I think we’re going to start seeing a bit of a decline in Prowess, though, because Modern is in a transition period from efficiency to power. Prowess tends to succeed when the format is at one end of the spectrum or the other but struggles in the middle.
Amulet has returned with the addition of The Mycosynth Gardens and is more combo focused than it has been in a number of years. Hands with two copies of Amulet of Vigor were always terrifying, and now if the Amulet deck has the first copy, they go from three copies of the second Amulet to seven.
In recent months, Amulet has had a sort of a soft ceiling for how good or popular it can be, as it is checked by the presence of Murktide, which is a fairly difficult matchup. However, Amulet can certainly blast someone into orbit if they are unprepared or don’t respect the deck.
Yawgmoth and Burn occupy the same space that they have recently, with Burn trending upward and Yawgmoth staying relatively even. Burn always tends to get better as other decks get bigger, because outside locking them out, the best way to beat Burn is to race them (the deck is typically not adept at defending itself). Ergo, the less other decks can quickly pressure Burn, the better the Burn tends to perform.
B-tier has a few new faces as well, including Value Breach, Mono Red Blasts and Mono Red Obosh. Living End and Mill round out the tier.
Value Breach is an evolution of the Grinding Station-Breach combo decks that evolved into a lean Midrange deck using Underworld Breach for card advantage instead of as a combo tool. Adding Breach to low curve fair decks is such an obvious innovation in hindsight, but it did take some time to catch on.
Whether the deck is drawing a few cards using Mishra’s Bauble, looping a removal spell to win the board back or even picking up some threats to put the screws to a more controlling opponent, Breach does it all.
Mono Red Blasts is the name I’m using to describe the Shrapnel Blast plus Galvanic Blast deck that has picked up over the last month or so. It leverages Ragavan and Dragon’s Rage Channeller to provide early damage and then attempts to finish the game with Urza’s Saga plus a flurry of burn spells.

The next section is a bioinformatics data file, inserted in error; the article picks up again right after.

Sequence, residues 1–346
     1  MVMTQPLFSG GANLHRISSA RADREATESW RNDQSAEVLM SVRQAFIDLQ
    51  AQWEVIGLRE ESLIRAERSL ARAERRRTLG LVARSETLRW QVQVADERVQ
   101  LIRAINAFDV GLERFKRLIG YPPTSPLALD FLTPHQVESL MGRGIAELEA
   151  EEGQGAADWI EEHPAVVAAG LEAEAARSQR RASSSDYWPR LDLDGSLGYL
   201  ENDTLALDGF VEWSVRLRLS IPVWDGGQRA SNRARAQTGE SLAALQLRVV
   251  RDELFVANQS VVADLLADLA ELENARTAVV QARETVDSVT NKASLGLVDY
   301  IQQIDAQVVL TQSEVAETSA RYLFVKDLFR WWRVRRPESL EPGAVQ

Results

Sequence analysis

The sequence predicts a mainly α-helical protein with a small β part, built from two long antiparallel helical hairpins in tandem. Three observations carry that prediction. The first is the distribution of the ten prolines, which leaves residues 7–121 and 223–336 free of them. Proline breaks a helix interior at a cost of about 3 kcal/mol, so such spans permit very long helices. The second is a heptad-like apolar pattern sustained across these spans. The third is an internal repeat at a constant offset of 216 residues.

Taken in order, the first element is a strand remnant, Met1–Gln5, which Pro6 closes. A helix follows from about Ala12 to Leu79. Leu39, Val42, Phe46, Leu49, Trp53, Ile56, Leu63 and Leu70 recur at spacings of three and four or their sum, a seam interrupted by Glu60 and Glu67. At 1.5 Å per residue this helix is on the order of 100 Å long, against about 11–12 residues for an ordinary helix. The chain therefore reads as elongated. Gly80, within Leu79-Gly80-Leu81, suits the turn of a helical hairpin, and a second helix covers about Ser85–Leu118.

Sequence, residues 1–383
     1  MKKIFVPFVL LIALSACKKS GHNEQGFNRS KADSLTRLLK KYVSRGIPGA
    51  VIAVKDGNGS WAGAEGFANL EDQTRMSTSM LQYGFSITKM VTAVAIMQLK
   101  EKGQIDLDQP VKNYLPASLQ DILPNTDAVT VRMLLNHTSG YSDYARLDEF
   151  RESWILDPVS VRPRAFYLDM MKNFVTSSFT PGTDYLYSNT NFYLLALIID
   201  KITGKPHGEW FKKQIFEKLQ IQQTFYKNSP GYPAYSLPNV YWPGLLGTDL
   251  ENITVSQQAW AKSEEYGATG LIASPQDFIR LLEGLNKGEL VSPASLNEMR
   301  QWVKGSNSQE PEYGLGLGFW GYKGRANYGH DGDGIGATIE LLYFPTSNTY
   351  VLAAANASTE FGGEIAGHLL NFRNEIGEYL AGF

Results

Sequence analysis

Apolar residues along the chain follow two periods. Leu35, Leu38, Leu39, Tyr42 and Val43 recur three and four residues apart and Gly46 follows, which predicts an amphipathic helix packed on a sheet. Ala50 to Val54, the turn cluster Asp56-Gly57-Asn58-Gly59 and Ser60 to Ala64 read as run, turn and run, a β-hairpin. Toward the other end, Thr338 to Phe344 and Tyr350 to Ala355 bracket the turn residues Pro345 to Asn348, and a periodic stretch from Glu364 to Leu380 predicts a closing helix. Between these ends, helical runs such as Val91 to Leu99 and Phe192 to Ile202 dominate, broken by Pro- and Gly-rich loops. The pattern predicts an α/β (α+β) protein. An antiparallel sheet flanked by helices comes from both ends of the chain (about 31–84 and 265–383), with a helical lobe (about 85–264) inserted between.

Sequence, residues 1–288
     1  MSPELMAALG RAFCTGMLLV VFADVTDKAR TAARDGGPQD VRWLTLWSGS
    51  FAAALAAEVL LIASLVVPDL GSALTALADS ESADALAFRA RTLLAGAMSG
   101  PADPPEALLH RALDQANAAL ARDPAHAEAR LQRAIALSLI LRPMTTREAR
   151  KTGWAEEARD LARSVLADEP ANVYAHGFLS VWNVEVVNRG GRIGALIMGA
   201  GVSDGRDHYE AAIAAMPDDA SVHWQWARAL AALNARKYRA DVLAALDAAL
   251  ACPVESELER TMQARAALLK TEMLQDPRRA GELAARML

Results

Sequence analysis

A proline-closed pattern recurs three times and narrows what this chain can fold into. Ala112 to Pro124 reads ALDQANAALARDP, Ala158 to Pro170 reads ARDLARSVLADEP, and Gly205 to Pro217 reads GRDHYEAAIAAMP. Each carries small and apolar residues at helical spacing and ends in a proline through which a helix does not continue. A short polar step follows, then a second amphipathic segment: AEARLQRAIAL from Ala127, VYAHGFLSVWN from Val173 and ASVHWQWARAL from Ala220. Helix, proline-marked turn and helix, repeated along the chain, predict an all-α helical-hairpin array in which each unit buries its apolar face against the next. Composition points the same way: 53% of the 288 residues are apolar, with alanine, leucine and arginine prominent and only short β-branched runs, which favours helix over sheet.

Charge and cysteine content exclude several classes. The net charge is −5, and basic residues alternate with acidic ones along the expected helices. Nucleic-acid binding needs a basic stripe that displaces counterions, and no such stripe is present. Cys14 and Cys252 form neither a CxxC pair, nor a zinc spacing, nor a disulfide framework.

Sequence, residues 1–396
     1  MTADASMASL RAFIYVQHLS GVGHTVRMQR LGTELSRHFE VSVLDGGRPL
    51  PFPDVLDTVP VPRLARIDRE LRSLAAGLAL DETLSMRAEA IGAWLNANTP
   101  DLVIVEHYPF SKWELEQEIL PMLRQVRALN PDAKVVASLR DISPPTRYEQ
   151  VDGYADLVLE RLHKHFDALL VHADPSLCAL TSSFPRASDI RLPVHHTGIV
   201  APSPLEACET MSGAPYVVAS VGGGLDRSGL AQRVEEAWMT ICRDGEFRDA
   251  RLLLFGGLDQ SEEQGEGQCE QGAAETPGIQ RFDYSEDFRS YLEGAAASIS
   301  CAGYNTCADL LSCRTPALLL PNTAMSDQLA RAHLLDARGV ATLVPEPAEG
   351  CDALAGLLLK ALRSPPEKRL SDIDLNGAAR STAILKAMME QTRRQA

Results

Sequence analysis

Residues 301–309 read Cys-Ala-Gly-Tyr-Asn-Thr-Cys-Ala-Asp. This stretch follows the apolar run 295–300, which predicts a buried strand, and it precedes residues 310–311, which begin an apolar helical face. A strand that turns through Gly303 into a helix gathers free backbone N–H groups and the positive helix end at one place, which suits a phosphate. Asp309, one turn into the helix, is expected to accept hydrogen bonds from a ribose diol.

I think Mono Red Blasts runs into a similar problem as Prowess right now, instead of getting better like Burn (which is why I have it in B-tier, for the moment). However, Mono Red Blasts is a good tool for aggressive players to have in their arsenal for when the metagame starts to swing back toward efficiency.
Mono Red Obosh has burst back onto the scene, and I think it is almost entirely due to the strength of Blood Moon and the ability to play four copies in the main deck. Obosh is incredibly powerful once it hits the battlefield, but it takes some work to get there for a mono red deck.
Blood Moon definitely helps by slowing your opponent way down, but Lightning Bolt, Flame Slash and a variety of other defensive tools can certainly drag the game out long enough for Obosh to end the game.
Living End will begin trending upward, as it tends to prey on the slower decks such as Elementals. So the better that deck gets, the better Living End does.
Mill is in a tricky place. The printing of Jace, the Perfected Mind was a shot in the arm for Mill players. However, there are a ton of Eldrazi showing up in sideboards now to shut down Mill. I also expect an uptick in Endurance. And while these factors aren’t a death knell for Mill, it certainly limits how good the deck can be.
UWx Control, Tron, Merfolk, Zoo and Devoted Druid are all familiar players in the Modern metagame, but have been on the decline for some time at this point.
At the least, Tron and UWx control are trending upward given that Modern is slowing down. The decks both thrive in environments where players are playing one spell per turn instead of multiple, cheap cards to overload their interaction.
Merfolk is falling flat given the rise in removal spells and wraths in Modern since it relies on a critical mass to win a lot of its games. Zoo struggles a good bit with Blood Moon, which is more popular now than it has been in some time, but its saving grace is a strong Creativity matchup.
Devoted Druid got noticeably better with the printing of Tyvar, Jubilant Brawler, but it didn’t get enough better to make a major impact on the metagame at large. That being said, Devoted Druid went from not really being competitive to being on the list, so there is hope for Devoted Druid pilots in the future.
Examining what you think the expected metagame will be going into Charlotte, or whatever events you may be playing this weekend, can greatly aid your deck choice. Whether you decide to register an S tier deck or a less popular one that you believe targets a potentially overrepresented subsection of the metagame, knowing what to expect is important. For this weekend, I think I’m going to be battling with Rhinos, as I value having positive matchups against Creativity, Hammer and Amulet this weekend — I hope I manage to dodge Murktide!
I’ll be at Charlotte this weekend, so feel free to come up and say hello. I’m always happy to meet Card Kingdom fans! Otherwise you can find me on Twitter @RappaciousOne for questions, comments or feedback. Best of luck this weekend wherever you are playing, and I’ll see everyone back here next week!
Michael Rapp is a Modern specialist who favors Thoughtseize decks. Magic sates his desire for competition and constant improvement.